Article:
10 ways to improve literacy and numeracy skills in Primary Schools

Posted by Lauren Hancox

10 ways to improve literacy and numeracy skills in Primary Schools


Primary Schools, or more specifically the people working in Primary Schools, make such a difference to young people’s lives. Fine motor, gross motor, and sensory development skills along with social and emotional learning competencies, are the foundations to adult life

Getting young children passionate and enthused about literacy and mathematics can sometimes be problematic, so here are 10 ways to improve literacy and numeracy skills in your Primary School

1. Listen to 'the pupil voice' 

Listening to your children whilst achieving the national curriculum objective is number one on our list. Allow your pupils to make creative choices in their learning and encourage them through coaching to identify their own learning needs.  Your pupils will tell you what interests them, then it’s up to you to embed learning into their interests. 

2. Let the children build a business enterprise 

Buying, selling, supply chain, sales, marketing and finance are all job roles that can be undertaken by little people. Get them to write an application for the jobs they want, whilst building teams that sell, earn, and run profitable businesses. Teaching children the value of things, the importance of applying ideas, commitment and execution of strategy are all valuable skills that allow children to learn whilst having fun and thinking practically.

3. Encourage literacy at home

Get parents and responsible adults involved, challenge the children (and adults) to read in unconventional places (on a fairground ride, on top of the washing machine, or in the shed!?)  the children should take photos and write their account of it (along with synopsis of their chosen story). Family literacy nights are also important, encourage parents to promote the books they used to love as children, and all read them together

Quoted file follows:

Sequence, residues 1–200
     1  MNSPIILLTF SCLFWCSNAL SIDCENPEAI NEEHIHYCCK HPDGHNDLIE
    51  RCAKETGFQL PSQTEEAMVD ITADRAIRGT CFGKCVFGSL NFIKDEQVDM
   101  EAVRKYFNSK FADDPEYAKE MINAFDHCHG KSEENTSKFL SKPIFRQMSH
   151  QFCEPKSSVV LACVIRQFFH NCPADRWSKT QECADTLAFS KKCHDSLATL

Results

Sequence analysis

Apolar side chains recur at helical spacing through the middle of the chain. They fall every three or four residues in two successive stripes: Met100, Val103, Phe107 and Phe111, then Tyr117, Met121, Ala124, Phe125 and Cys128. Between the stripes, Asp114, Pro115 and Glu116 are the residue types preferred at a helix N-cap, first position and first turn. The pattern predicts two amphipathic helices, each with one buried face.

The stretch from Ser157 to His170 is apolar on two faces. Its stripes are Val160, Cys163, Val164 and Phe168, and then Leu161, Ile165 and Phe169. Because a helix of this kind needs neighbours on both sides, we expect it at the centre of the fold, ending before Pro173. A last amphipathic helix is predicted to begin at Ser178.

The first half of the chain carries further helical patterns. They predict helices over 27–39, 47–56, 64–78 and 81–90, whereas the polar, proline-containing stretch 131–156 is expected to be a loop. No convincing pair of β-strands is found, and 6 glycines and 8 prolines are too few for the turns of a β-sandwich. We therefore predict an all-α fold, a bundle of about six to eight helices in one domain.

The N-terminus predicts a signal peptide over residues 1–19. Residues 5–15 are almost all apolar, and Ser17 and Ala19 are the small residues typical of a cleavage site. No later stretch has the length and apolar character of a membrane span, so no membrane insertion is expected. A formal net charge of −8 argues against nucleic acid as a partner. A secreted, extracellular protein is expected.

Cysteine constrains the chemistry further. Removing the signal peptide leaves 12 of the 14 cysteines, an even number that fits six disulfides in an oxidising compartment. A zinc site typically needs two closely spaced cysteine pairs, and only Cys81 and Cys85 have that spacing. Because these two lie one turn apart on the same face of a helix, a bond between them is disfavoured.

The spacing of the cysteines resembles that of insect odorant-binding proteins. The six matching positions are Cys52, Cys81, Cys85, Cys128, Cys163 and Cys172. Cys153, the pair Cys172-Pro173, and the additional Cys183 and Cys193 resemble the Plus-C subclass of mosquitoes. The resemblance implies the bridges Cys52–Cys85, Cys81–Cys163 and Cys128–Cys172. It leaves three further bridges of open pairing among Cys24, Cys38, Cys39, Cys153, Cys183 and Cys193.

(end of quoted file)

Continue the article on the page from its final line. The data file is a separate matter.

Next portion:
4. Fit bodies and minds 

Incorporate physical activity and the great outdoors with your literacy and maths. Count running laps of the playground, work out how many laps are in a mile, measuring out metre lunges or how many star jumps can be achieved in 30 seconds. Likewise, embrace dynamic adaptive learning techniques, such as a nature walk to collect objects that form an acrostic poem. Get them out, get them learning, get them having fun. 

5. Build things

Using fine and gross motor skills to build something with a practical purpose i.e. a bench, bird seed table or herb garden is not only a bonding experience for peers and friends, but an application of real life skills such as exact measuring, counting, twisting clockwise and anticlockwise; with a visible output and a real-world purpose that the children can evidence and be proud of. 

6. No budget, no problem 

Negotiation, persuasive writing, creative problem solving. Ask the children what they would most like to see in the school playground and get them to come up ideas as to how they might get it, think of a name, produce purchase costings, a budget (if any), and write instructions for use i.e a herb garden, mud kitchen, sand trays, reading huts, a phonics bus, a reading rocket, an upside down fountain – let their imaginations run riot – if they can work out a way to make it happen, who knows where you could end up! 

7. Practice that feels like play

Engage children in their own, personalised learning and inspire out of the box thinking with imaginative play. Encourage the pupils to think about the job they would most like to do as an adult. What research do they need to undertake? What sort of questions might they need to ask? How will they work out their weekly salary? Self-directed activity, hands-on learning and collaborative play make learning fun and pupils often take greater responsibility for their own learning.


8. The element of competition 

Some children, statistically boys, struggle with the concept of poetry, but have no problem with writing raps and lyrics. Why not have a rap battle? Exploit the power of story, rhyme, drama and song to fire children’s imagination and interest (boys as well as girls).

9. Be brave 

Staff need to be empowered with confidence to make their own founded professional decisions, to innovate and experiment with the creative approaches that can be taken in learning and the confidence to take risks, buck the trend and try something new.  Setting up a safe environment to do so will help to reduce any associated risks but be brave. Nothing changes whilst staying the same. 

10. Learn from others

Listening and learning from others is a key skill instilled into small people and one that adults should heed. Visit other schools, bring in the professionals and don’t be afraid to sponge ideas from all areas of life! 



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